Tag Archives | Presidential Campaign

Oh, The Pain Of The Believer: Barack’s Betrayals Offer Lessons We Can’t Deny

480px-BarackObamaportraitJournalists are not supposed to have political opinions and yet we all do. Our “biases” are usually disguised, not blatant or overtly partisan, and can be divined in what stories we cover and how we cover them.

Even ‘just the fact’s maam,’ journos for big media have to decide which facts to include and which to ignore.

Our outlooks are always shaped by our worldviews, values and experience, not too mention the outlets we work for.

Which brings me to the challenge of seeking truth and recognizing it when you see it.

I have to admit that I was seduced by the idea of Barack Obama.

The idea of a black President, the idea of a young President, the idea of an articulate President, and the idea of a man married to such a stand up woman from a working class family was hard to resist.

Here’s a guy who seemed really smart, not just because he went to Harvard, but because professors there I liked were impressed with him.… Read the rest

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Herman Cain Repeatedly Quoting Pokemon On Presidential Campaign Trail

pikachu22smallIn a climatic moment at last Thursday’s Republican presidential debate, Herman Cain summed up his vision for the future with message “Life can be a challenge, life can seem impossible, but it’s never easy when there’s so much on the line” — a direct quote lifted from the song “The Power of One” from the film Pokemon: The Movie 2000. Cain has also quoted the Pokemon movie “on his official website, at his official campaign announcement in May, and at the Republican Leadership Conference in June.” It raises the question, what exactly is going on with Herman Cain and Pokemon? Via Joystiq:

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Obama’s Top Five Broken Campaign Promises

3547562653_c52a71c939For all he has managed to accomplish in the presidency, these are perhaps the five biggest disappointments thus far. Stephen Webster of Raw Story examines Obama’s campaign promises that never came true:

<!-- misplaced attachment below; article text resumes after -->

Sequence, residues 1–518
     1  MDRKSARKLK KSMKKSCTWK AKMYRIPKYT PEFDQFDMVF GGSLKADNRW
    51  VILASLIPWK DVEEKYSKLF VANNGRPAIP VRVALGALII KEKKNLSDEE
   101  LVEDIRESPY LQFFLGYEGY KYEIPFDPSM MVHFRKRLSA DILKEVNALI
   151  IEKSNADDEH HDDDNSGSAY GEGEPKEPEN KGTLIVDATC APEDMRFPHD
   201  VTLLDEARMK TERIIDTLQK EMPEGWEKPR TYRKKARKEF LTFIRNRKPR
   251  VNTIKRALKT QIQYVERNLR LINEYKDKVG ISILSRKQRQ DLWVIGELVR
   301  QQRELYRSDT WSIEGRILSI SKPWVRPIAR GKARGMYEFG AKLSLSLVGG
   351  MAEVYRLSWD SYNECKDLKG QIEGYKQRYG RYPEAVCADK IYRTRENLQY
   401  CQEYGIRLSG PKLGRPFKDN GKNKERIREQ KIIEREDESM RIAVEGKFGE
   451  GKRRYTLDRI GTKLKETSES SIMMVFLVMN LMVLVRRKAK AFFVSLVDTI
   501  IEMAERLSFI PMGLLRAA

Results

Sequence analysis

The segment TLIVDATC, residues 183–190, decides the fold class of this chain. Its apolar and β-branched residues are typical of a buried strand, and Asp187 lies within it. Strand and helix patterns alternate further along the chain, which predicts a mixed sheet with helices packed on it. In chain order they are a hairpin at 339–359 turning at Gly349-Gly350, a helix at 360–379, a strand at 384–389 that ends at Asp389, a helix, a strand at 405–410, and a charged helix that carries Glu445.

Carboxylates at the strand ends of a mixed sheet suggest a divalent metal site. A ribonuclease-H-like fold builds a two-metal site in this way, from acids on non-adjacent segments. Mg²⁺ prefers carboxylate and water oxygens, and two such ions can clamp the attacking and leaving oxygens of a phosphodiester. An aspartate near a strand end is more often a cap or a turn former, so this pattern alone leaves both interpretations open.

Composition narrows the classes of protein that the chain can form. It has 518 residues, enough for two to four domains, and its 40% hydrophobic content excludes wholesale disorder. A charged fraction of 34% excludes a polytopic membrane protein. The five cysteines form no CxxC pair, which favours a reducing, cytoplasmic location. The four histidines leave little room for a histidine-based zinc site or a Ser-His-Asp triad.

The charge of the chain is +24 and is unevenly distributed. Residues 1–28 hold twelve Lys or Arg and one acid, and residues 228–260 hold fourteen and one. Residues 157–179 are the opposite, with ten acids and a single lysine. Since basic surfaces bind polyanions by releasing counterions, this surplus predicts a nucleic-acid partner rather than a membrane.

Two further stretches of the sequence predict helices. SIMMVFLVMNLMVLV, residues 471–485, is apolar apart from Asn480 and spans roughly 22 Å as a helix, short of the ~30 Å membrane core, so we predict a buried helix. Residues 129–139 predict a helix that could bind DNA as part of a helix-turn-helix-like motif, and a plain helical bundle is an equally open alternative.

1. Health care for all
Ultimately, the [health care] debate in Washington became so heated and rife with disinformation that the administration agreed to forgo the public option, using it as a bargaining chip to ensure other proposals were passed. They also gave in to Republican demands and extended the tax cuts for the wealthiest Americans, promising to take on the issue again in 2012. In spite of the modest legislative victory of actually getting health reform passed, the Congressional Budget Office estimates that even after all the elements take effect in 2014, over 22 million Americans will still lack access to basic health services.

2. Close Guantanamo
As a symbol of everything that liberals thought to be wrong with the Bush-era, closing the Guantanamo Bay military prison should have been an easy target for the new and popular president and his Democratic super-majority in Congress — and, in fact, then-candidate Obama promised to do just that.

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Donald Trump Joins The Birthers

Photo: Gage Skidmore (CC)

Photo: Gage Skidmore (CC)

In the wake of his announcement of a probable 2012 Presidential bid, the Donald joins the birthers, as reported by AP/Yahoo News:

Real estate tycoon Donald Trump said Thursday he isn’t convinced that President Barack Obama was born in the United States ,but says he hopes the president can prove that he was.

Officials in Hawaii have certified Obama’s citizenship, but “birthers” have demanded additional proof. And Trump, who is weighing whether to seek the Republican presidential nomination, says not all the questions have been answered.

In an interview broadcast Thursday, Trump told NBC News he plans to decide by June whether to run, and said that if he is the GOP nominee, “I’d like to beat him straight up,” not on the basis of the question of where Obama was born.

Trump insisted he didn’t introduce the citizenship issue, but he isn’t letting go of it either.

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Brazil Hosts First Presidential Debate Online

Brazil DebateThe Presidential campaign enters the digital age in Brazil this week. From People’s Daily:

Brazil held on Wednesday its first online presidential debate, which gathered the three front-runners in the presidential campaign.

They were: Dilma Rousseff from the Workers’ Party, handpicked by President Luiz Inacio Lula da Silva for succession; Jose Serra from the Brazilian Social Democratic Party, the main opposition candidate; and Green Party’s Marina Silva.

Topics such as education, public health system, basic sanitation and taxes were debated by the participants, who also had the opportunity to question each other and answer questions from journalists and netizens.

The debate, marked by frequent accusations and criticisms, was more fierce than a previous TV debate two weeks ago.

Serra kept his strategy of criticizing the Lula administration, while both Rousseff and Silva intensified their attacks on Serra’s records as governor of Sao Paulo state (Jan. 2007 to March 2010) and health minister under former president Fernando Henrique Cardoso (1995-2002).

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